• The burden of multidimensional poverty disproportionately falls on children - half of multidimensionally poor people are children under age 18.
  • 65 out of 75 countries studied significantly reduced their multidimensional poverty levels between 2000 and 2019.
  • About 84.3% of multidimensionally poor people live in Sub-Saharan Africa and South Asia.
  • 67% of multidimensionally poor people are in middle-income countries.

Indian Scenario:

  • India lifted as many as 270 million people out of multidimensional poverty between 2005-06 and 2015-16.
  • Neighbourhood Scenario: In China, 70 million people left multidimensional poverty between 2010 and 2014, while in Bangladesh, the numbers declined by 19 million between 2014 and 2019.
  • Impact of Covid-19: Covid-19 is having a profound impact on the development landscape. The study finds that on average, poverty levels will be set back 3 to 10 years due to Covid-19.
  • Sustainable Development Goals: The index emphasises on measuring and monitoring progress under the goals to reach ‘zero poverty by 2030-Goal 1 of the SDGs’.

The index with its information on both the level and composition of poverty – provides the data needed to pinpoint where and how poverty manifests itself. Therefore, it will incite action in solidarity with the poor, so that nations like India can ‘build better’. Reflecting progress before the coronavirus pandemic, it suggests that the progress is at risk and stake-holders need to look beyond income to tackle poverty in all its forms. Hence, there is a need to take action to redress the rise of under-nutrition and children leaving school.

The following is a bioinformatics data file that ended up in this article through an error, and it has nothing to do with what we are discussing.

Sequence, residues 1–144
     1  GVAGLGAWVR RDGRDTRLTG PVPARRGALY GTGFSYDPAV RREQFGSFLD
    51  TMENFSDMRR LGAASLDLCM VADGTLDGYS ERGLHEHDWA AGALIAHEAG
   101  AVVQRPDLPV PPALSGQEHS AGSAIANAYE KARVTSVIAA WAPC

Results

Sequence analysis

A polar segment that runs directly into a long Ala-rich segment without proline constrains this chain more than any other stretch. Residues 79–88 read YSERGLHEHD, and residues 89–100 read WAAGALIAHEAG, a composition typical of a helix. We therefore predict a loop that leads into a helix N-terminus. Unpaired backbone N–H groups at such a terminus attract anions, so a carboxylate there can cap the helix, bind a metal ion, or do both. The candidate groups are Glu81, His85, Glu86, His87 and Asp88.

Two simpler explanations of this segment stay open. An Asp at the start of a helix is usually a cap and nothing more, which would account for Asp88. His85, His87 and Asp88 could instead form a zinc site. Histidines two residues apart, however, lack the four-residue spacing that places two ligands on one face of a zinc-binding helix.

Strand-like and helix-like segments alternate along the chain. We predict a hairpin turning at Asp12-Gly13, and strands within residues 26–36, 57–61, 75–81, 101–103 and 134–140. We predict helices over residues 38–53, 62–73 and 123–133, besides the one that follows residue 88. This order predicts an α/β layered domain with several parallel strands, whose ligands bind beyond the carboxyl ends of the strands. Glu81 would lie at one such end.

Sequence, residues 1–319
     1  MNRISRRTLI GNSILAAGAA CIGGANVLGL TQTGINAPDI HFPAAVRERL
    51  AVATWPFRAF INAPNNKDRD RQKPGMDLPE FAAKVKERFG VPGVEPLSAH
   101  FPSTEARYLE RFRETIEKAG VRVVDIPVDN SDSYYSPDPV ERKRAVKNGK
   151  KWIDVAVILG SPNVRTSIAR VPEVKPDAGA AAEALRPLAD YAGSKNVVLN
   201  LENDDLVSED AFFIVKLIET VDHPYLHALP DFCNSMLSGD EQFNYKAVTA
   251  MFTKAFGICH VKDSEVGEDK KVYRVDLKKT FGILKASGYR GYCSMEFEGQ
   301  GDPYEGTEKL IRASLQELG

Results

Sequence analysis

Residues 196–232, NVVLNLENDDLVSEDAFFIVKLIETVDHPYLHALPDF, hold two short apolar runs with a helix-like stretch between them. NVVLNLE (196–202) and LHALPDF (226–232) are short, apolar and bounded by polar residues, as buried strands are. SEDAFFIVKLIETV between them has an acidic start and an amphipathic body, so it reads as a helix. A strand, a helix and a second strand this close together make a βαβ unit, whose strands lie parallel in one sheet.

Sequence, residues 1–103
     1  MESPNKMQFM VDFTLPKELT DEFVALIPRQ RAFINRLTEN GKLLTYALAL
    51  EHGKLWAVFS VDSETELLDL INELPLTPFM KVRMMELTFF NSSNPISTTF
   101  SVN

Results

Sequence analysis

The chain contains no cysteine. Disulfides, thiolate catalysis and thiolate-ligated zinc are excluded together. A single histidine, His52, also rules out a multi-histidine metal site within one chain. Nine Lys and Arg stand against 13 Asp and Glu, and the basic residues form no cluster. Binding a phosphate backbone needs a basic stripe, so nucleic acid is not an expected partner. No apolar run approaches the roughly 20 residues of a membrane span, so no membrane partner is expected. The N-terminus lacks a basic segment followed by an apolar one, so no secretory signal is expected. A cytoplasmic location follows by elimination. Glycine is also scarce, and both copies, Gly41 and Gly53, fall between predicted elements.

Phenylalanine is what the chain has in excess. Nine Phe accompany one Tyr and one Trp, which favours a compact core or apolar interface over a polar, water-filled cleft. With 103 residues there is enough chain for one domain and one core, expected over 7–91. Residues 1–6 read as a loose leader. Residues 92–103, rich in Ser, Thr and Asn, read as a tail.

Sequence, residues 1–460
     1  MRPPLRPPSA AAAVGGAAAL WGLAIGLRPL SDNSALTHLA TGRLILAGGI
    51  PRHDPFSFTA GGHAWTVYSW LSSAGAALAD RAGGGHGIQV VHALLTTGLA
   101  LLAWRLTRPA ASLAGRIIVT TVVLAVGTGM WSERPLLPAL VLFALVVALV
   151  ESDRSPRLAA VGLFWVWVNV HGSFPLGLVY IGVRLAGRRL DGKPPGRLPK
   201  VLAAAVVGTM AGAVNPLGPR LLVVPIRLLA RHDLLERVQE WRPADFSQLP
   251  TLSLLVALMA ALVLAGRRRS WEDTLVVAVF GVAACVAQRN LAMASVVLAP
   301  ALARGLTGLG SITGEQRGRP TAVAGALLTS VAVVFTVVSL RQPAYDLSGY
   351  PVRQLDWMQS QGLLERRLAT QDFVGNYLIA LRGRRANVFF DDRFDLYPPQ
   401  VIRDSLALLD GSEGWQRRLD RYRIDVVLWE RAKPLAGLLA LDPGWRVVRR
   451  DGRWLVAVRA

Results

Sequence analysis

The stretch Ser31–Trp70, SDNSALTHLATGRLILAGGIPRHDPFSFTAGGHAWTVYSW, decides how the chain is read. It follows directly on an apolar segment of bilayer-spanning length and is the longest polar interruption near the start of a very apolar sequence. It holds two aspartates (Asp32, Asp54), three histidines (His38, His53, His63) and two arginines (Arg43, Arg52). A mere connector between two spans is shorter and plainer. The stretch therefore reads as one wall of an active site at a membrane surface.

Source: TH

Zonal Master Plan for the Bhagirathi Eco-Sensitive Zone 


Zonal Master Plan for the Bhagirathi Eco-Sensitive Zone

GS-Paper-3 Environment (PT-MAINS)

Recently, the Ministry of Environment, Forest and Climate Change (MoEF&CC) has approved the Zonal Master Plan for the Bhagirathi Eco-Sensitive Zone to pave the way for faster execution of Char Dham Road Project.

Background: In 2012, the MoEF&CC issued a gazette notification declaring the watershed area along the stretch of river Bhagirathi, covering 4,179.59 sq km from Gaumukh to Uttarkashi, an Eco-Sensitive Zone (ESZ). ESZs are the ecologically important areas designated to be protected from industrial pollution and unregulated development under the Environment Protection Act of 1986.

The 2012 notification was issued keeping in view the requirements of the local people without affecting their rights and privileges and also ensuring eco-friendly development for their livelihood security. It sought to protect the entire fragile Himalayan region by restricting hydropower projects of over 2 MW, riverbed mining and change of land use.

However, it was amended in 2018 following Uttarakhand government’s objection that the notification was ‘anti-development.’ The 2018 amendment approved land use change to meet the local needs including civic amenities and other infrastructure development in larger public interest and national security with the prior approval of State Government with due study of environmental impacts. It also allowed cutting of hills in eco-sensitive areas with proper study and construction on steep slopes in exceptional cases for the benefit of the community.